Interview: “The World Is Going To Be Different In 2017”

International
Kimeng Hilton NDUKONG | 04-01-2017 15:45

Prof. Yenshu Emmanuel Vubo, political sociologist with the University of Buea, examines a possible new world order in 2017.

 

Boko Haram militants have been wrecking havoc in Lake Chad Basin countries for some years. Do you foresee a possible conclusion of this war in the coming year?

Boko Haram was not originally a regional problem. It was essentially a Nigerian problem, beginning as the politicisation of religion as a result of the former cleavage between the northern and southern portions of Nigeria. It later evolved and crystallised into militant Islam or Boko Haram as we know today. Its goal, under the influence of international Islamist movements such as Al-Shabab, Islamic State, ISIS, and Al-Qaeda, enabled the group to get into alliance with new Islamic movements looking for political organisations.

Given that ISIS will be defeated in no distant future – in Mosul in Iraq and Aleppo in Syria - and with Al-Qaeda dwindling in strength, the legitimacy of Boko Haram at that level will also dwindle. This is because Boko Haram may not have the funding to keep up the war. If its allies and networks are destroyed gradually, Boko Haram may not survive for long. Boko Haram fighters are now hemmed in Sambisa Forest in Nigeria. Some of their hostages have been released or escaped. I don’t see the fighters having the bargaining power any longer to secure anything from Nigeria.

Nigeria’s government is now focused on a military solution to the conflict, though the militants still hold some of the Chibok school girls. I believe the Joint Multi-national Task Force will soon clear Boko Haram out of Sambisa. From a purely strategic standpoint, Boko Haram will sooner than later be a thing of the past because the situation is no longer favourable to them. Today, there are few incidents of suicide bomb attacks in Cameroon. In the New Year, we will see them dwindle and even disappear all together.

President-elect Donald Trump takes over in the US in January 2017. What does his administration portend to the stability of international relations in the coming years?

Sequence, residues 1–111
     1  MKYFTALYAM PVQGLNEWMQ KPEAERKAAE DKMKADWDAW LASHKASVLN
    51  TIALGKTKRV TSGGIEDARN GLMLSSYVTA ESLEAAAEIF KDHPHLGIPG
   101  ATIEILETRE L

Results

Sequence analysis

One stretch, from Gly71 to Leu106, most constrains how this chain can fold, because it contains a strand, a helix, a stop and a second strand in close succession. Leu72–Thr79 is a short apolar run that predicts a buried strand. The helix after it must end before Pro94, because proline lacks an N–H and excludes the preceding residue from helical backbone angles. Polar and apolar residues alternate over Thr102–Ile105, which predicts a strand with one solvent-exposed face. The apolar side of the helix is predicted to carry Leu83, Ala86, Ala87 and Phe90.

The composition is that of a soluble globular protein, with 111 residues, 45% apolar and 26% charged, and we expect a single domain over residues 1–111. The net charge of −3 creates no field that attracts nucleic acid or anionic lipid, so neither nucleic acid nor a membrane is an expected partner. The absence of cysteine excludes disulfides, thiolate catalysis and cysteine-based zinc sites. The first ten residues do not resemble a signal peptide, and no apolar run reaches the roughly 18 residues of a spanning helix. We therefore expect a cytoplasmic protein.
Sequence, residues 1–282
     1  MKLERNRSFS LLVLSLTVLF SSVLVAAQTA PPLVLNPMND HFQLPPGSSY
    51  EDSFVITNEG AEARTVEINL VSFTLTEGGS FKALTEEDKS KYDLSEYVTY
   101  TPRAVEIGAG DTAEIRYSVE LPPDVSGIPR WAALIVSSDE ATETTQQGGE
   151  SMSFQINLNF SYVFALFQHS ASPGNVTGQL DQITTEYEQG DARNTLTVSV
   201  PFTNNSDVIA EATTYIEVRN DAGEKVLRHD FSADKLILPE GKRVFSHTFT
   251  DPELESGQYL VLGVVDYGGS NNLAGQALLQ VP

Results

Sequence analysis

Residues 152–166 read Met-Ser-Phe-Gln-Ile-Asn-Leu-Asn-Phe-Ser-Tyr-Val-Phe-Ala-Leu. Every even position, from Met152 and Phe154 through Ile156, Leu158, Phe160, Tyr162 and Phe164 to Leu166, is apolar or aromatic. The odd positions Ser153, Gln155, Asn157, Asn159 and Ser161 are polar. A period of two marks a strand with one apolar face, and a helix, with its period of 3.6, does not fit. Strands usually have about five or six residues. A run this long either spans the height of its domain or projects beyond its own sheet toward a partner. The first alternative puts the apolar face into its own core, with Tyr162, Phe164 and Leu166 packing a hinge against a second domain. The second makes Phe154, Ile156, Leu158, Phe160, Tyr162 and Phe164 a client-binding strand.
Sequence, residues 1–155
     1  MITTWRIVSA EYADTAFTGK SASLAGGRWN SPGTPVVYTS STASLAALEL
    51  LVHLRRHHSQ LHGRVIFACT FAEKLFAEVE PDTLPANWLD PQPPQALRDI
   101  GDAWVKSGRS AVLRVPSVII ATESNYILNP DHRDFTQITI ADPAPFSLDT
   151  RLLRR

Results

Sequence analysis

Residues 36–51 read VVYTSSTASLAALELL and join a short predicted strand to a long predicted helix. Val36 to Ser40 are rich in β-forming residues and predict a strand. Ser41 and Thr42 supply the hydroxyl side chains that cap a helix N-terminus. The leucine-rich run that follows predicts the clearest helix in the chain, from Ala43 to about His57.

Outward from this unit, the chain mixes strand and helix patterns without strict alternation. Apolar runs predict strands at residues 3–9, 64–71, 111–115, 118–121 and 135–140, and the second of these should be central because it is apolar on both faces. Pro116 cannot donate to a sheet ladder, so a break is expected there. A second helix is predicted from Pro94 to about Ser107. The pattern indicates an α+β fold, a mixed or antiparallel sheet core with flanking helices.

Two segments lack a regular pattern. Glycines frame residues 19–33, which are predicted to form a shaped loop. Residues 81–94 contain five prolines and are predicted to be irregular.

President-elect Donald Trump has made a lot of declarations on reversal of US policies. Will he review US relations with NATO? If he does, it will be a very drastic change in world politics because there will be realignment. Even America’s attitude towards Russia may be less bellicose in 2017. But the same Trump may now enter into new confrontation with China in league with Russia. You may have a new world context, now that the Cold War is over. The election of Trump puts an end to the post-Cold War management of world affairs.

Obama ensured US hegemony worldwide as the lone super power - together with France, Britain and Germany. The in-coming US administration is like the one before 1945 when America disengaged from world politics per se and was no longer in competition with world powers. It only returned to tilt the balance after assisting Western European nations to win the war. America today looks like it has regressed. We should therefore watch out what this new context holds for the world. So far, we have not heard anything about how President Trump will relate with Western Europe, NATO, etc. Indeed, the world is going to be very different in 2017; even getting down to the local level.

Several nations were not spared from terrorist attacks in 2016. Are there chances of these challenges being reduced in the New Year?

We will see more terrorist attacks in 2017. The truck attack in Nice, France on July 14, 2016, the recent incident at the Christmas market in Berlin, Germany on December 19, 2016 and the assassination of the Russian Ambassador at a photo exhibition in Ankara, Turkey, on the same day, were carried out by loners and not organised groups. These are people active on their own account because they are sympathetic to the cause of big terrorist groups. With Donald Trump not ready to sponsor regime change wars like Barack Obama did in Syria, rebels fighting the government will be crushed by President Bashar al-Assad and his Russian ally. The recent Syrian government assault on rebels in Aleppo was as a result of Trump’s electoral win.

New American foreign policy will lead to a drastic change in terrorist movements because some of them acted in reaction, not as lunatic expressions. These were piecemeal and irrational so-called reactions to imperialism. As the tone changes, everything will end or go down considerably. What else will such terrorists fight for? Who will finance them? America’s new foreign policy will change most of what we see today.

What of African nations? Do you foresee them being quieter or the security situation will heat up?

Things will indeed be quieter. Of late, we have not heard much about northern Mali. The attack on the Coptic Church in Cairo, Egypt on December 11, 2016, was blamed by government on the Moslem Brotherhood. But such incidents are less systematic now than in the past when you tuned into five television channels and all were talking about terrorist attacks in different parts of the world. We are likely going to see a more peaceful environment in Africa in 2017 as a result of changes in the international climate.

 

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